Vol. 3 Issue 27 | July 7, 2017

Vol. 3 Issue 27 | July 7, 2017

Three Things This Week

1. Digital Detox

What it is: Covenant Eyes is encouraging families to “give kids a break from technology” this summer through their 7-Day Digital Detox series starting July 10.

Why it's beneficial: Too old to go to VBS but too young to get a job, many students feel adrift during summer without school’s daily routine. And, if left home all day, the temptation is increased screen time. But keeping them busy just for busyness’ sake isn’t healthy either. They need time to relax, to think, to create, to read, to play. Use summer break to teach them life lessons like time management, balance, and margin. Sign-up for Digital Detox and take a break from technology this Summer while replacing it with healthy habits that can last a lifetime.

2. Body Issues

What it is: ESPN’s Body Issue hit newsstands today, filled with photos of 23 athletes all posing completely nude.

Why it's nothing's new under the sun: Since the dawn of Greek Humanism, man has been “the measure of all things.” In art, sculpture, and sports, the Greeks marveled at the human form, especially the nude. And, like them, we also glorify the human body, elevating the created over the Creator. Sports heroes, especially attractive ones, are our civilization’s ideal humans our kids are dying to emulate. But our culture’s neo-humanism has taken ancient humanism a step further: We don’t just idolize the body, we objectify it. Now, everything is about sex. The Body Issue blurs the lines between art and porn, turning beauty into banality and admiration into stimulation. If your teen has seen it, ask them: is this art or is it pornography and what is the difference? Why is Michelangelo's David art and a naked photo of David Beckham not? Art inspires, elevates, and awakens the imagination. Porn debases and numbs, turning subjects into objects and people into things.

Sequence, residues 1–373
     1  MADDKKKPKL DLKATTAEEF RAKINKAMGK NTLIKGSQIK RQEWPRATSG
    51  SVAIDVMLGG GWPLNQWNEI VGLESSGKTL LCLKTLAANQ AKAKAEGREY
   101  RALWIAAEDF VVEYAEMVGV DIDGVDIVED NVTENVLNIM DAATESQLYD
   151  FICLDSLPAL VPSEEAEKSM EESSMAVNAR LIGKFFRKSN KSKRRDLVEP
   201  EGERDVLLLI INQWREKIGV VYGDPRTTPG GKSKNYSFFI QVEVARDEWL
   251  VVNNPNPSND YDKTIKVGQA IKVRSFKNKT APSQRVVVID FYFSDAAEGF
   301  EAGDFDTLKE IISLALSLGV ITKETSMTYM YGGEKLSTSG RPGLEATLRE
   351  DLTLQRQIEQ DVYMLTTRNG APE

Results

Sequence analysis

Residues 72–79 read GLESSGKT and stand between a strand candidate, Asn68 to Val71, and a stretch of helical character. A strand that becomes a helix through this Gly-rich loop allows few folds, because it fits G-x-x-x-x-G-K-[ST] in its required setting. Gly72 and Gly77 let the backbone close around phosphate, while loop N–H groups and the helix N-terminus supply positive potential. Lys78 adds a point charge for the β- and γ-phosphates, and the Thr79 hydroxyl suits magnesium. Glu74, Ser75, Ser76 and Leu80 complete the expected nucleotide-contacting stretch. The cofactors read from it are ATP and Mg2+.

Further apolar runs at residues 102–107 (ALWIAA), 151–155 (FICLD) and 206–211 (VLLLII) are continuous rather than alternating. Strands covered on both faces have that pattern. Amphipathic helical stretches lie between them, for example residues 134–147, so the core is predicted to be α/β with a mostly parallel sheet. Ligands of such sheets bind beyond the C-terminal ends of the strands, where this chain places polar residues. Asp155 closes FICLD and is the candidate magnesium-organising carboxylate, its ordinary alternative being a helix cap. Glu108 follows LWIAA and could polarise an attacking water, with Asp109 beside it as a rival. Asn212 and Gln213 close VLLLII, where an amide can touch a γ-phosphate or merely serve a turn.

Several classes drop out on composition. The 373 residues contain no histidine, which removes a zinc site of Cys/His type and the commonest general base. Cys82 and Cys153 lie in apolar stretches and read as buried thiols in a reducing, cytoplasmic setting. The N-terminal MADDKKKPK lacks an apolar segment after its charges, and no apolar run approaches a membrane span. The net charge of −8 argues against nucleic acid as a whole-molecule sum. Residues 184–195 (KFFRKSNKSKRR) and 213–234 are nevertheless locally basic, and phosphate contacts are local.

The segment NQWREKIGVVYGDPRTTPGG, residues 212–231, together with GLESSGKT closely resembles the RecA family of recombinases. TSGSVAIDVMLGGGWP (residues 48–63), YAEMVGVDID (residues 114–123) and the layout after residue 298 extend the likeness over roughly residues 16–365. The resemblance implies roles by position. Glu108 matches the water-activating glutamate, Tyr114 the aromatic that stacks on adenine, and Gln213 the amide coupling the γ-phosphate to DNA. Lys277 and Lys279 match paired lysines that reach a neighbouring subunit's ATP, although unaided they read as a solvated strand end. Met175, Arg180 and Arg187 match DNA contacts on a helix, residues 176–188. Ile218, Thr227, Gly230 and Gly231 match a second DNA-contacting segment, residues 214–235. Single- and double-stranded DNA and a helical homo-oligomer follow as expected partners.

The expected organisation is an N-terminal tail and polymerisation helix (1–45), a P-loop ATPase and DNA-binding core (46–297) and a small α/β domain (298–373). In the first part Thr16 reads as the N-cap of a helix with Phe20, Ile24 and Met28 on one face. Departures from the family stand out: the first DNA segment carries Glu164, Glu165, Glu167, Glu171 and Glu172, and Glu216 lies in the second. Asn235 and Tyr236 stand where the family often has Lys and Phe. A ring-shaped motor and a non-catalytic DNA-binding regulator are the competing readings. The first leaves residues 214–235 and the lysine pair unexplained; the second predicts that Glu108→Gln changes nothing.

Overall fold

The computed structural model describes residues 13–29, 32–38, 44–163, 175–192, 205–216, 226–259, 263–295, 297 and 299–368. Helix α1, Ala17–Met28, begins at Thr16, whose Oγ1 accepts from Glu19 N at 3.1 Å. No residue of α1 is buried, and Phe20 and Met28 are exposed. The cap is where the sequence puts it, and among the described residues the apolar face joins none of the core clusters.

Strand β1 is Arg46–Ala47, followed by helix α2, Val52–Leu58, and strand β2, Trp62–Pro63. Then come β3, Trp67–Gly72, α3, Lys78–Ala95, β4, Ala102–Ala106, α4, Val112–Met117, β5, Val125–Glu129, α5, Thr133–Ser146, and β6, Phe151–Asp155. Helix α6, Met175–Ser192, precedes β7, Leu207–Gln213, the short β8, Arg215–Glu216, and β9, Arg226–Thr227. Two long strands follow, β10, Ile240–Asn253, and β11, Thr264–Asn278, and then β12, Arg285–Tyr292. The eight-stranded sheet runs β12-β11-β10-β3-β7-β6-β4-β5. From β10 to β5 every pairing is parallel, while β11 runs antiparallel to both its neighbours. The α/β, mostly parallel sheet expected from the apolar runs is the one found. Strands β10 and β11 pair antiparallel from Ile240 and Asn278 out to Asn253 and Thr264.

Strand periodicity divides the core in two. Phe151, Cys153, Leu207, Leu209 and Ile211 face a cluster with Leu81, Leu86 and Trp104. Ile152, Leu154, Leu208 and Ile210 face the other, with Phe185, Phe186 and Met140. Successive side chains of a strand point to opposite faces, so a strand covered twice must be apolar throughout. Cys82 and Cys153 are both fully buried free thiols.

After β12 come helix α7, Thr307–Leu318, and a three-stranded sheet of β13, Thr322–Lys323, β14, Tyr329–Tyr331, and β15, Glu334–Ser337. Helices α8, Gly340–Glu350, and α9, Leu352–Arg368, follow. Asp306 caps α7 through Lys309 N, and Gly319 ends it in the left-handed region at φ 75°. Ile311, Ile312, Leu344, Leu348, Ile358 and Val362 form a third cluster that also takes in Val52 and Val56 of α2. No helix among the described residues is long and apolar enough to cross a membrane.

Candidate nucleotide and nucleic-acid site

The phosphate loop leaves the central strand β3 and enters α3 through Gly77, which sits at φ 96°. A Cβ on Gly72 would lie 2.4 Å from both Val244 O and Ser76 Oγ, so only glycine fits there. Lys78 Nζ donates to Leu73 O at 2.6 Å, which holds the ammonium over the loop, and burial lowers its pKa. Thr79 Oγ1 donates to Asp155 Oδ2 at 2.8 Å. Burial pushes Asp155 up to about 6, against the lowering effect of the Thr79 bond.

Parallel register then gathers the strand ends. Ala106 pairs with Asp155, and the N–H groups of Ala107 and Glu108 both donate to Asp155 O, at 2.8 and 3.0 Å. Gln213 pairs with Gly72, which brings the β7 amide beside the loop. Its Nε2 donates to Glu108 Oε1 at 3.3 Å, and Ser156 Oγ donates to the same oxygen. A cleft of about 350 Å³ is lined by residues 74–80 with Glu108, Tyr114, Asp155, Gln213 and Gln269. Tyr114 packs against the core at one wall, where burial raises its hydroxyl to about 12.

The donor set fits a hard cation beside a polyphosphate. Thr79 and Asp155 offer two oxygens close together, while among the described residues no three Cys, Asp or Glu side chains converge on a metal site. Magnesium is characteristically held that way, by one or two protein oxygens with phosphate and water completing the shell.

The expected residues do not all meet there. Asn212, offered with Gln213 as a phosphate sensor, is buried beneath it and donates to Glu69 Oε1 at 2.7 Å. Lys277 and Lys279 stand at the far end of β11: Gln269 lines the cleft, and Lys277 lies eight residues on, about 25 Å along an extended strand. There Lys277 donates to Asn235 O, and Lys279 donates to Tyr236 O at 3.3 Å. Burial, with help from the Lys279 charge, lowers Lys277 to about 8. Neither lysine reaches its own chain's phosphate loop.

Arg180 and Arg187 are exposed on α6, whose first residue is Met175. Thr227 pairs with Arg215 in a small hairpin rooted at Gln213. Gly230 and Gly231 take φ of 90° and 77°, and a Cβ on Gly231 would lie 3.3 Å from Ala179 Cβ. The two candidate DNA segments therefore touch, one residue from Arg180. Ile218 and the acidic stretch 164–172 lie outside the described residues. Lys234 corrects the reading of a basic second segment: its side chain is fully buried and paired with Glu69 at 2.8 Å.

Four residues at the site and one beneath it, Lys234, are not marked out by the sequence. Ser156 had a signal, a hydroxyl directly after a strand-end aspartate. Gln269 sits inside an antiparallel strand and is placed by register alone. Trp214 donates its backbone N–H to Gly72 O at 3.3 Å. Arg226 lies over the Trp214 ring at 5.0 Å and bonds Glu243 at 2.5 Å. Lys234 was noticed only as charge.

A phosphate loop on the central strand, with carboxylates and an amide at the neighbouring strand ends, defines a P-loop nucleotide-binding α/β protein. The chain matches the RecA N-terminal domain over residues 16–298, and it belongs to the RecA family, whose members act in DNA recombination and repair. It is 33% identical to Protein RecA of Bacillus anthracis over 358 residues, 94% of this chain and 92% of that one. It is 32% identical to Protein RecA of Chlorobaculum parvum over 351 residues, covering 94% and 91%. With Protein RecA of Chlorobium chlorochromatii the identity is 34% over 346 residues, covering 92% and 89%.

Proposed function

3. Praying

What it is: On Thursday, Kesha dropped her first solo single (“Praying”) in four years. It’s a semi-gospel, gut-wrenching, “scorched-earth ballad on betrayal and hope”.

Why it's powerful: For the last few years, Kesha has been involved in a court battle with her producer (Dr. Luke), accusing him of nearly a decade of verbal and sexual abuse. “Praying” is a song of liberation, one that Kesha hopes “reaches people who are in the midst of struggles”. The music video is filled with Christian iconography, yet Kesha’s God is “nature and space and energy.” If your daughter has heard the song, think about reading Kesha's moving introduction to the record with her (warning language). Ask her what she thinks of Kesha’s journey toward forgiveness and empathy. Then, ask her if she noticed Kesha’s spiritual syncretism (the blending of different belief systems into one) and if she thinks Kesha’s definition of “God” is the same God we find in Scripture, and why that is important.


Summer Slang

One of our goals at Axis is to help you become “bilingual,” to know and understand your teens’/tweens’ vernacular. Netsanity published an excellent resource that categorizes current teen slang into three categories: “Fun and Harmless,” “Keep an Eye On,” and “Warning Flags.” Here’s our top 10 list of slang you’ll be hearing by the pool, at the beach, or in theaters this summer.

  • Hundo: Like, 100% sure bro.
  • Stealthing: Secretly removing one’s condom during consensual sex, then bragging about it by encouraging other men to do likewise.
  • GNOC: Get Naked on Camera.
  • 9: Parent Watching.
  • Extra: Excessive, over-the-top.
  • Curve: To reject or deny someone’s sexual advances or romantic interests.
  • Sip Tea: Taking part in social media, celebrity gossip. The reader or listener quietly “sips tea” while drinking in the lurid information.
  • Igging: Ignoring.
  • Kittenfish: Coined by the dating app Hinge, it’s the light version of “catfishing,” presenting yourself in an unrealistically positive way.
  • Turnt: Someone who is excessively excited or amped up.

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